Oh, you want to hear more about the trip?!
As much as we all love going to England, we wouldn't ordinarily have left our nuclear-mushroom-cloud of a life in California just as the fiscal A-bomb was about to make landfall. However, my baby brother was getting married, and thanks to some generous financial assistance, we were able to buy that one extra plane ticket for the creature. Our child who no longer flies free. She already has a passport littered with immigration stamps, but now that she's old enough to require her own seat her traveling days may be limited to the Ventura Target, and that's only if gas prices don't keep rising.
We had to take her though, as not only did she have a fabulous dress to wear:
but she's the only recent offspring on both sides of the family, and therefore about as popular as a half-price sale in the Marks & Spencers knicker section.
As luck and fantastic friendship would have it though, we ended up sneaking in a second wedding a few days before my brother's big bash. My BFF from University, Sus, is getting married in May. She knows pretty much all my secrets, so I'm not going to publish *that picture* (plus, she's an incredibly famous actress darling, and there is such a thing as bad publicity - or bad hair). Sadly we can't make it over in May, because breaking it to an American employer that you're taking three weeks off in a single year is hard enough. Twice in one year, not going to happen. So we were truly gutted that we would miss her walking down the aisle with this fabulous man:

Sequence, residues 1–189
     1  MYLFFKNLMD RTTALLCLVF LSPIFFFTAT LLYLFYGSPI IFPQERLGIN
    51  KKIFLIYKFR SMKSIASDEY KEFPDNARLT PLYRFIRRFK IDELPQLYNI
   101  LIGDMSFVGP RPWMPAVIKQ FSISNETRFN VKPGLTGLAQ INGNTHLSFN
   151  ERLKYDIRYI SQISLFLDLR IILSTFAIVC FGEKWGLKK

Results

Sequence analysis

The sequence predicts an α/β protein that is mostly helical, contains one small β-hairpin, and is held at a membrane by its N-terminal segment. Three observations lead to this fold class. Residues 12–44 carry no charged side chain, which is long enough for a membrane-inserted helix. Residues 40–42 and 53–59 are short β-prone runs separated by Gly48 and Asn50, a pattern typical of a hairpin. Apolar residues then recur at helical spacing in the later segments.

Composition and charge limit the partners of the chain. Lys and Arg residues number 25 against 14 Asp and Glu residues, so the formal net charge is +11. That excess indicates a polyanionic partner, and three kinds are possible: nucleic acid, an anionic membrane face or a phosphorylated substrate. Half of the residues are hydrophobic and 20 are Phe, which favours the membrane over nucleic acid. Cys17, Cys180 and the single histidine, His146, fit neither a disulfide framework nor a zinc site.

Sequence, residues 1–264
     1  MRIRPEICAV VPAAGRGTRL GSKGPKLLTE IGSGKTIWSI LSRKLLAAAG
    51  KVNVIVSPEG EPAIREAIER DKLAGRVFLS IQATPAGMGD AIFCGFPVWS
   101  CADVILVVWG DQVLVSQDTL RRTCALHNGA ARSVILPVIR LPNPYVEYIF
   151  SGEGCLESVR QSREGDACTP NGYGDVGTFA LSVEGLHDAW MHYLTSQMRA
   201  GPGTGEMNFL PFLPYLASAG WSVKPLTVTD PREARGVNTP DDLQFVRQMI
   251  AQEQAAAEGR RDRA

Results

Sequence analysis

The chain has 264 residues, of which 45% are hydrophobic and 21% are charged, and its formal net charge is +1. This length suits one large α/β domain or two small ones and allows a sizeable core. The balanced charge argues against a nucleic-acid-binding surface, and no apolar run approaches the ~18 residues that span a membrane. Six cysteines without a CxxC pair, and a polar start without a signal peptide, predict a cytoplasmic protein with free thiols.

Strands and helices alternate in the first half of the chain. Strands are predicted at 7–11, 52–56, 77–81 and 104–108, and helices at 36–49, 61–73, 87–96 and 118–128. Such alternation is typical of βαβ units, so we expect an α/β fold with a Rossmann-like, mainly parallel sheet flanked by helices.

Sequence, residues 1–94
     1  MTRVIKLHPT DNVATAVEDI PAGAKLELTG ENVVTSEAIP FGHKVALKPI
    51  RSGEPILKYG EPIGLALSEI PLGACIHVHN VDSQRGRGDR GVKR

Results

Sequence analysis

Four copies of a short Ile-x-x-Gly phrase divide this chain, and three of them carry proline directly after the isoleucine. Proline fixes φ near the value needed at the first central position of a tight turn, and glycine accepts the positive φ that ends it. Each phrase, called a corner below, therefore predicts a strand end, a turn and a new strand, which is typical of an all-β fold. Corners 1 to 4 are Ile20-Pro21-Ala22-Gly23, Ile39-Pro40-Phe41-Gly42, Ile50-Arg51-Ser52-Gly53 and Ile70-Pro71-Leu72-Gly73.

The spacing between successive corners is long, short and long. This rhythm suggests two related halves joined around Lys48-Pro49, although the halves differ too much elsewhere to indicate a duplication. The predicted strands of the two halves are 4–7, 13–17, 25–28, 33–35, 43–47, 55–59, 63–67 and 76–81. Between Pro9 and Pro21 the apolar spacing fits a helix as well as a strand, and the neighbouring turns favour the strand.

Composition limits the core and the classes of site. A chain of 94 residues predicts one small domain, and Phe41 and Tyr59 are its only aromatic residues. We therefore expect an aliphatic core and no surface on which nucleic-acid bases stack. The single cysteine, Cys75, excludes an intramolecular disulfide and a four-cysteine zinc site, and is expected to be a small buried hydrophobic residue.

How Sus, who is half American, married a bloke from Yorkshire, and I, who can't leave THE NORTH without hyperventilating, married an American, has got to be one of the biggest, but most fantastic mix-ups of all time. If someone had told us 15 years ago in the College bar that was going to happen, we'd have wanted to be drinking what they were drinking.
Anyway, back to the story. In order for them to get married in a rose garden in Kent, they would have to get married in a registry office first (in England the place is legally consecrated for marriage, not the person). Here is where I will be forever grateful. Instead of going to the registry office the morning of their big wedding, they chose to get the legal bit over with a month earlier so that we could be present. When she first suggested this as an option I literally choked up. It was an incredible honour.
My Mum and Dad watched Anna overnight, and we headed down to London, to Haringey registry office where it was truly beautiful to see two very accomplished actors fluff their vows ever so slightly because they were overcome by the enormity of the moment. It was beautiful, classy, sweet and sincere. And then we went for ice-cream:
and they called everyone they knew and said 'we just got married' and the bloke at Thornton's gave them free chocolates because they'd only been married for fifteen minutes, and love ruled Haringey(?) High Street and all was right with the world.
.....to be continued.